Trump hails 'tremendous' 2018 mid-term vote
US President Donald Trump has hailed "tremendous success" in the mid-term elections after a night of mixed results for his Republican party
won the House of Representatives, which will enable them to thwart the president's agenda.
But Republicans consolidated their grip on the Senate, ensuring the president can still make key appointments.
Mr Trump said the outcome "defied history" as the ruling party does not usually gain seats in the mid-terms.
At a feisty news conference on Wednesday, Mr Trump offered an olive branch to Democrats, proposing both parties work together on joint legislative priorities.
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But he said that if Democratic-controlled congressional committees started serving legal writs against his administration, Republicans would do likewise and gridlock would ensue.
In ill-tempered exchanges, Mr Trump called a CNN correspondent "a rude, terrible person" and told an NBC reporter: "I'm not a big fan of yours either."
House Democratic leader Nancy Pelosi has promised her party will serve as a counterweight to the White House.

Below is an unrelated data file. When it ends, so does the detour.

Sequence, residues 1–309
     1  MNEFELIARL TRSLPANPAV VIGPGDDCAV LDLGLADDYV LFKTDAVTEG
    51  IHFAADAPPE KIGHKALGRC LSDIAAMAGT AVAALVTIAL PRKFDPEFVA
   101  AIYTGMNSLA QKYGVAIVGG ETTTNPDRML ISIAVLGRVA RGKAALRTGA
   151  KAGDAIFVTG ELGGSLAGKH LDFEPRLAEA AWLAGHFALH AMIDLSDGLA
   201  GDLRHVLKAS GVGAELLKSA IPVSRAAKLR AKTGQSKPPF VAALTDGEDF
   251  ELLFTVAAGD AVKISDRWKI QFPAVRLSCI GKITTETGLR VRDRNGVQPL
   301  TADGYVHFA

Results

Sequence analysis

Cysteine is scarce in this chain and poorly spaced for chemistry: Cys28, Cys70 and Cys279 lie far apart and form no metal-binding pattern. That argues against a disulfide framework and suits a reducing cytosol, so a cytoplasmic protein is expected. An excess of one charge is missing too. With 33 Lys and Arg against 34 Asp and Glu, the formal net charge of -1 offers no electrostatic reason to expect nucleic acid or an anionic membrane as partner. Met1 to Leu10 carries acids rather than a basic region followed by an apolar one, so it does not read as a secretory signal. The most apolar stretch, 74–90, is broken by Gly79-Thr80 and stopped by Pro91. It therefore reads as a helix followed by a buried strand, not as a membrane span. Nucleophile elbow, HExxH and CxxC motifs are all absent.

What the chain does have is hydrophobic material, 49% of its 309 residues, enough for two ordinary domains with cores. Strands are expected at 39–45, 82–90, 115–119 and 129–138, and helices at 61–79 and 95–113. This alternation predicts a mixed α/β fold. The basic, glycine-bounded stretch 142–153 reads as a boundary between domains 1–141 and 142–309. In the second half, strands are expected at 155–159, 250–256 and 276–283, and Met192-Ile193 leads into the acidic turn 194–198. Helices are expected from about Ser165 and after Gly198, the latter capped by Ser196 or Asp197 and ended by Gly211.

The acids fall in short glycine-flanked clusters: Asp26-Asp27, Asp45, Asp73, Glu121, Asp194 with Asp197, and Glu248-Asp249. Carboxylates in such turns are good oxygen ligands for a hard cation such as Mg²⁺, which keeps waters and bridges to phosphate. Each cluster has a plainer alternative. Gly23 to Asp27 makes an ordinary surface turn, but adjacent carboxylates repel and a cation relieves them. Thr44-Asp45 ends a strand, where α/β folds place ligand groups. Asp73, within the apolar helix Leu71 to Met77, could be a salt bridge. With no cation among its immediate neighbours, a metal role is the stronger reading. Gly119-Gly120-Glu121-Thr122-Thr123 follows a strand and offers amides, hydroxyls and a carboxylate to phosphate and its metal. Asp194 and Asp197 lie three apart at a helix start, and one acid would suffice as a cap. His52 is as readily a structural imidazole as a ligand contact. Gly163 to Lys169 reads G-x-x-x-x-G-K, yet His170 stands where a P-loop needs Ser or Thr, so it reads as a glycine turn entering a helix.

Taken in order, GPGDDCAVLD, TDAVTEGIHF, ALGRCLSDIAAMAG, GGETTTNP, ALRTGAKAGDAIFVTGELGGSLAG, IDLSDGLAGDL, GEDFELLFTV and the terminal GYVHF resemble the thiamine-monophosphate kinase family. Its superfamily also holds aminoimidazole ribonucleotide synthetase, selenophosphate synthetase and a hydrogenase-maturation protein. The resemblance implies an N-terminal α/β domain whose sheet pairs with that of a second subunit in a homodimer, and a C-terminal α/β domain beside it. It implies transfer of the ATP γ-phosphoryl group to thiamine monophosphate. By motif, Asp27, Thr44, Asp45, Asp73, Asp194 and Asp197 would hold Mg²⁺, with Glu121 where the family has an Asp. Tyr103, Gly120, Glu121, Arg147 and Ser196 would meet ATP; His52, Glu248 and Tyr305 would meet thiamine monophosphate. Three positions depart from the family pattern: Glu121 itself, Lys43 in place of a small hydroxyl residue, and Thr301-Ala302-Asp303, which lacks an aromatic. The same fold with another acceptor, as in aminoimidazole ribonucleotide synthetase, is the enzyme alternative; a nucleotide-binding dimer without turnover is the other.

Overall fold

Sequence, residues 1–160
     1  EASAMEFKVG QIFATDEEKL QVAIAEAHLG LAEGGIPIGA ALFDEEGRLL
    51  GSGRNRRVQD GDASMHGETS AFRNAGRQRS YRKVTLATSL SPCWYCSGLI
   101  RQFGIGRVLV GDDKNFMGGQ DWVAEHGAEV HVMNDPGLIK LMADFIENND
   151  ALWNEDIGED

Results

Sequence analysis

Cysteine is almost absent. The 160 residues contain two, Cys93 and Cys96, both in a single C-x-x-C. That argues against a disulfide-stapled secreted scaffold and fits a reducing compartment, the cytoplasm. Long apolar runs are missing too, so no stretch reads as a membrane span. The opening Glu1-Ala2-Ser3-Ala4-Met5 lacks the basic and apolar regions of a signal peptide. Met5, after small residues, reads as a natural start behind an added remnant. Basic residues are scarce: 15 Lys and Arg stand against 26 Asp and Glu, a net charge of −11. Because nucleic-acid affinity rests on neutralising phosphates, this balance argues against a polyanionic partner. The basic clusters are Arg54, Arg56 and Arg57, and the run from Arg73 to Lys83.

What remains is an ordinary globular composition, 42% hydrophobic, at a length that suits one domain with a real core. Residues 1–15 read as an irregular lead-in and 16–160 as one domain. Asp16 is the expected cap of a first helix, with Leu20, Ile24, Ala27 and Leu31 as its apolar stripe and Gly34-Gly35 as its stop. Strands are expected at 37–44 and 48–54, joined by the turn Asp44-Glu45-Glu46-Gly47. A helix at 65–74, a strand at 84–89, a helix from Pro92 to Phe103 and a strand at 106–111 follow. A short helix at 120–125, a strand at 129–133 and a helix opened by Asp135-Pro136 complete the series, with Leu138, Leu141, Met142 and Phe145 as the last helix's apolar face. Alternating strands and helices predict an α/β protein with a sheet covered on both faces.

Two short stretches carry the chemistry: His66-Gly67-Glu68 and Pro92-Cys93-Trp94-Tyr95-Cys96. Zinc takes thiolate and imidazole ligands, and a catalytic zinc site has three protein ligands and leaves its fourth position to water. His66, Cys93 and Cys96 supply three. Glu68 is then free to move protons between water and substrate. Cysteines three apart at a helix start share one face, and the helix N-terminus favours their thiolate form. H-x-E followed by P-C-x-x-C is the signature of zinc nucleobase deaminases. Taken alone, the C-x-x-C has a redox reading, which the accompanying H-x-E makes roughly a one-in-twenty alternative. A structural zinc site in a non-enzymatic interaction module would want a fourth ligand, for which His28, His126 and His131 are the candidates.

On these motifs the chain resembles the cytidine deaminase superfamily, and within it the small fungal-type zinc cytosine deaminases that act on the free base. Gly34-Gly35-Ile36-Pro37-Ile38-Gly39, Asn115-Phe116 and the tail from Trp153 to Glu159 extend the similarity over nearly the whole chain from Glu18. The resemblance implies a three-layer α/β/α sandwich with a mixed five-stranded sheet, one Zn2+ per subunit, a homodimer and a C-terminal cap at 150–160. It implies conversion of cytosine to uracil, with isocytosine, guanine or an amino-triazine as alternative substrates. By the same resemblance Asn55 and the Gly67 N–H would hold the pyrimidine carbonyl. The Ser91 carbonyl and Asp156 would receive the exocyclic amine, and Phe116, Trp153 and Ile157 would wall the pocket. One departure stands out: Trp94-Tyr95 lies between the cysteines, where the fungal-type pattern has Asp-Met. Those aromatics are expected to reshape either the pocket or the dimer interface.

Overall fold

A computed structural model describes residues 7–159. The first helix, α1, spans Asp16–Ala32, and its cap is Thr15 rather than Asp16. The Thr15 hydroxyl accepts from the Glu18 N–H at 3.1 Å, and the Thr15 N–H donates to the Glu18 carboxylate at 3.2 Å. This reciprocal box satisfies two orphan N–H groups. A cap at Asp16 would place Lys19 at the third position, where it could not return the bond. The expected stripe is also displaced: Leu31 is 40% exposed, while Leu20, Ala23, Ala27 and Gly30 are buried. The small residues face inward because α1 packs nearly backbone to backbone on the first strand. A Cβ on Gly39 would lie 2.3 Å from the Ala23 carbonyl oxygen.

Ms Pelosi - who is favourite to become speaker, a position she held from 2007-11 - told supporters: "Today is more than about Democrats and Republicans. It's about restoring the Constitution's checks and balances to the Trump administration."
the Florida Senate race is heading for a recount after Republican Rick Scott got 50.21% and incumbent Bill Nelson 49.79% of the vote. A margin of less than half a percentage point automatically triggers a recount.
What difference will the new Congress make?
The Democrats gained more than the 23 seats they needed for a majority in the 435-seat lower chamber.
They could now launch investigations into Mr Trump's administration and business affairs, from tax returns to potential conflicts of interest.
The Democrats could also more effectively block his legislative plans, notably his signature promise to build a wall along the border with Mexico.
In the Senate, Democrats were facing an uphill battle because they were defending 26 races, while just nine Republican seats were up for grabs.
The Republicans are on course to increase their representation from 51 to 54 in the 100-seat Senate upper chamber.
Mr Trump has threatened to retaliate for any Democratic investigations with his own probes in the Senate into alleged "leaks of classified information"